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Find out about the benefits of choosing Robert Brown, LLC to represent your case Learn about family-based immigration Find out more about employment based immigration Discover how you can defend yourself from deportation or removal Learn about naturalization & citizenship

Ohio Immigration Lawyer

Serving Clients in Cleveland, Columbus, Cincinnati, & Worldwide

The team of attorneys at Robert Brown LLC - Robert Brown, Rishi Oza, Erin Brown Farro, and Aleksandar Cuic - have more than 50 years of immigration experience and a proven track record of success in helping clients get results in a variety of immigration cases. Whether you need to hire a foreign national, help a loved one move from abroad, apply for citizenship, or if you are threatened with possible deportation, we will work diligently to help you achieve the best possible result. Our attorneys have won accolades such as the Martindale-Hubbell® AV® peer-review rating and inclusion in the prestigious Super Lawyers® Rising Stars℠ list, and we are ready to put our skill and experience to work for you. We handle many types of immigration cases, which you can learn more about in the sections below; access to immigration resources is also provided.

Adjustment of Status
If you currently hold a non-immigrant visa and have decided that you want to live and work in this country permanently, then an attorney from our firm may be able to help you secure a green card by applying for adjustment of status, which allows you to apply for lawful permanent resident status while remaining in the U.S.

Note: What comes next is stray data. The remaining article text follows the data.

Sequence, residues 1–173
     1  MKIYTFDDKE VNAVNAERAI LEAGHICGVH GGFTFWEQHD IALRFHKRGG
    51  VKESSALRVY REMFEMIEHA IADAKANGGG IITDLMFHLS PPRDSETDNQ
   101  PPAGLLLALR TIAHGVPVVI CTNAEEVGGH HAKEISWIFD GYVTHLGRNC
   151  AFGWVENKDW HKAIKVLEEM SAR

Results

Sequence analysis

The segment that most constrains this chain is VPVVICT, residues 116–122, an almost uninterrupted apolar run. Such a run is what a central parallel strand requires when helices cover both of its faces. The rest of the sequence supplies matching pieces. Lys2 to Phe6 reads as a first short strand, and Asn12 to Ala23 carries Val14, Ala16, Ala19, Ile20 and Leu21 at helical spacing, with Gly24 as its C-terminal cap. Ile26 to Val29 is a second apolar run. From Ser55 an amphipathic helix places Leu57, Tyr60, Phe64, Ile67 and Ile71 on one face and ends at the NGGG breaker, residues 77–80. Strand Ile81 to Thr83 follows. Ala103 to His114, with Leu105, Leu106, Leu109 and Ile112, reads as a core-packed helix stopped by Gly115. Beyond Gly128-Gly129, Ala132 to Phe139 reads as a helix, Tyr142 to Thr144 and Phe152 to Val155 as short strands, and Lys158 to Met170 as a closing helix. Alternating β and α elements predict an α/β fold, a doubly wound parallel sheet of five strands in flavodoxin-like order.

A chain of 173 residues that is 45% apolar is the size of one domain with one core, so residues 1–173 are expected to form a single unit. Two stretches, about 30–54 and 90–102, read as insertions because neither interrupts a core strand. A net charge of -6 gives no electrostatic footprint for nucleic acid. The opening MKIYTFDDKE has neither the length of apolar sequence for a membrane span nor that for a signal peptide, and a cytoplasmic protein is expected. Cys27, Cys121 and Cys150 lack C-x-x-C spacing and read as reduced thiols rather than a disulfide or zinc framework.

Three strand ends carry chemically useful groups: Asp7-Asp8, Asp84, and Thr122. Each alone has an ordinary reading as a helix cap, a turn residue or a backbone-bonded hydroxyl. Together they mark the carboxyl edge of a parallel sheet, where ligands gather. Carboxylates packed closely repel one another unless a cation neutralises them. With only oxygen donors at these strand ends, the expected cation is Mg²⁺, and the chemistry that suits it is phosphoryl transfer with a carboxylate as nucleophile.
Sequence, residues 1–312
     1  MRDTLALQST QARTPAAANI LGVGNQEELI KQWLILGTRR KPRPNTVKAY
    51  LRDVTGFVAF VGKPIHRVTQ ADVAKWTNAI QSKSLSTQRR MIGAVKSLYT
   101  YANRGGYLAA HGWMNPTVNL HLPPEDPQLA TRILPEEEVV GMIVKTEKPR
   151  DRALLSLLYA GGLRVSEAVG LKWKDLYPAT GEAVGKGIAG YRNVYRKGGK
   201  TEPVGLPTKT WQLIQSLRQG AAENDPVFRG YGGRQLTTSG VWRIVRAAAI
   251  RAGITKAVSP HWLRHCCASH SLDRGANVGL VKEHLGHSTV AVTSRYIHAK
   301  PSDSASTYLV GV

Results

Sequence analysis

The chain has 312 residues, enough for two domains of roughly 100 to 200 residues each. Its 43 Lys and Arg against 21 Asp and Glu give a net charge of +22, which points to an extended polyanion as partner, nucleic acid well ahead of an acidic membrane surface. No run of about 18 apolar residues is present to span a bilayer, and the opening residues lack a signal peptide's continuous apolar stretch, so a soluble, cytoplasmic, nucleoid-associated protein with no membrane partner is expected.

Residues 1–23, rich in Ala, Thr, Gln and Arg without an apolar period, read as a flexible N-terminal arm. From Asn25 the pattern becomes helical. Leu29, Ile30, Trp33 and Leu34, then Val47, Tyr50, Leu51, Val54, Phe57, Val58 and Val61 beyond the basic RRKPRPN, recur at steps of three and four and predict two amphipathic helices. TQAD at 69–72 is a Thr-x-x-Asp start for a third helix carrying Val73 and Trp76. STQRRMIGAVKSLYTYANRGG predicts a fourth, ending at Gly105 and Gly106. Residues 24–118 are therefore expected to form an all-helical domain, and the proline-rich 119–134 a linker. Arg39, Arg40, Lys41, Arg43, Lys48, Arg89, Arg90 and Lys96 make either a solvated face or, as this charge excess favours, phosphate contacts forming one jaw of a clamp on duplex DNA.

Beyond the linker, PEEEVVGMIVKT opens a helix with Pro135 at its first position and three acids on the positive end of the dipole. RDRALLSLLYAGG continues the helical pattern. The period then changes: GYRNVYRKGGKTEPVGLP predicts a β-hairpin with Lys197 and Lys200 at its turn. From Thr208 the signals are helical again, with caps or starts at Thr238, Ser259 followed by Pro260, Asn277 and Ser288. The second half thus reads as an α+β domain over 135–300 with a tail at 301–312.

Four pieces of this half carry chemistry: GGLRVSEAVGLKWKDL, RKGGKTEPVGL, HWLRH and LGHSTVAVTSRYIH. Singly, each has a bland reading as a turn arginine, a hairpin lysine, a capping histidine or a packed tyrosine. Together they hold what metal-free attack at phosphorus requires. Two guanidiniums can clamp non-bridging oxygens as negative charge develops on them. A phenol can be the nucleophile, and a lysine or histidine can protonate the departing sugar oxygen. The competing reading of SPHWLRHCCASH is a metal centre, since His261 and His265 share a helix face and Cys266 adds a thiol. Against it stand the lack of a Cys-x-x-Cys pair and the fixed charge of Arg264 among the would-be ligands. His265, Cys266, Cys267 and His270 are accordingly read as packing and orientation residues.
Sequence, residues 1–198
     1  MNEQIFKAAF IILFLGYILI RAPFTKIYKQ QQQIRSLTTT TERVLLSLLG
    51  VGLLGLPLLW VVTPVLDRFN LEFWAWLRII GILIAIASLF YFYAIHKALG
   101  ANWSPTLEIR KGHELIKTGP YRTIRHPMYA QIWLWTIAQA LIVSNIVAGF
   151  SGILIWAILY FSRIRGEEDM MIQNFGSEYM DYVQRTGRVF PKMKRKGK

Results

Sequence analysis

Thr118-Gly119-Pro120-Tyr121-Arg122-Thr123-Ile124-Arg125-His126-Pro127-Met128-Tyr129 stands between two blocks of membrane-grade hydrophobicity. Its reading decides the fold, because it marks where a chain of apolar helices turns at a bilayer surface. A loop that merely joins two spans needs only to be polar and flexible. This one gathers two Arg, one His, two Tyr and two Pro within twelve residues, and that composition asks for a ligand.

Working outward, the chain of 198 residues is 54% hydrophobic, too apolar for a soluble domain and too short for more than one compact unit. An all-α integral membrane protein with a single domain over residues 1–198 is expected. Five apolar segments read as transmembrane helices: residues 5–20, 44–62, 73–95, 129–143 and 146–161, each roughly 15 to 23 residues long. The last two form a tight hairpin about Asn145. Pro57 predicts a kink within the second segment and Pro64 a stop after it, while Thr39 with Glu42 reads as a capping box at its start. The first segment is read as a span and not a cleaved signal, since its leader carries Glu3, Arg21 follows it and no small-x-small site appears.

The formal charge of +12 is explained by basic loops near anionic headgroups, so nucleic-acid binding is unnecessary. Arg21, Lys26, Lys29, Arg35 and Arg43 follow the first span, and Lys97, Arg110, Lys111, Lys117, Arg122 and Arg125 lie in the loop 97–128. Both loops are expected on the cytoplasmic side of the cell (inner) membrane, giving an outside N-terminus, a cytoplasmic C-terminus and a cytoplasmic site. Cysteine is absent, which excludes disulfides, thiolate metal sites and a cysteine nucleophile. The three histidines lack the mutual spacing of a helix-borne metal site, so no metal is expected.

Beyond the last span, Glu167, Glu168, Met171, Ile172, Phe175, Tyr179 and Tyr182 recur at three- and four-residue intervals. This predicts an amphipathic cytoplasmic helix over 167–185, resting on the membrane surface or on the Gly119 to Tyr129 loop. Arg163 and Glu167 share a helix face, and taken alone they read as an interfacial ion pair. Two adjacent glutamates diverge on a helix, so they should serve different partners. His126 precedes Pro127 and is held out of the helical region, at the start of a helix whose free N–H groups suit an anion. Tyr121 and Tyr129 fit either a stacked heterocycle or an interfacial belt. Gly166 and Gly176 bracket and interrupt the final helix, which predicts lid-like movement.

Agencies
One of the most confusing aspects of immigration law is knowing which of the different agencies will be handling your case. The State Department, U.S. Citizenship and Immigration Services (USCIS), and the U.S. Immigration and Customs Enforcement (ICE) are each responsible for different types of cases. Our founding attorney is a former district director for the former Immigration and Naturalization Service, which was replaced by USCIS, ICE and U.S. Customs and Border Protection.

Bars to Returning to the U.S.
If you are removed from the U.S. based on a period of unlawful presence violation, then you will most likely be subjected to a period of being barred from reentry to this country. Depending on the circumstances of your unlawful presence, you could be barred for a period of three years, ten years, or even permanently.

Change of Status
When you have been admitted to enter the United States as the holder of one of the dozens of different types of non-immigrant visas, it is vital that you avoid doing anything that would violate the terms of your visa. Should you decide to pursue an education but were not admitted on a student visa, for example, you must first apply for a change of status.

Citizenship
As a United States citizen, you will enjoy a number of different rights and responsibilities. You will be able to vote and run for elected office, you will be eligible for certain types of federal employment positions, and you will not have to live with the fear of possibly being deported. Citizenship also makes it easier for you to sponsor family members for immigration.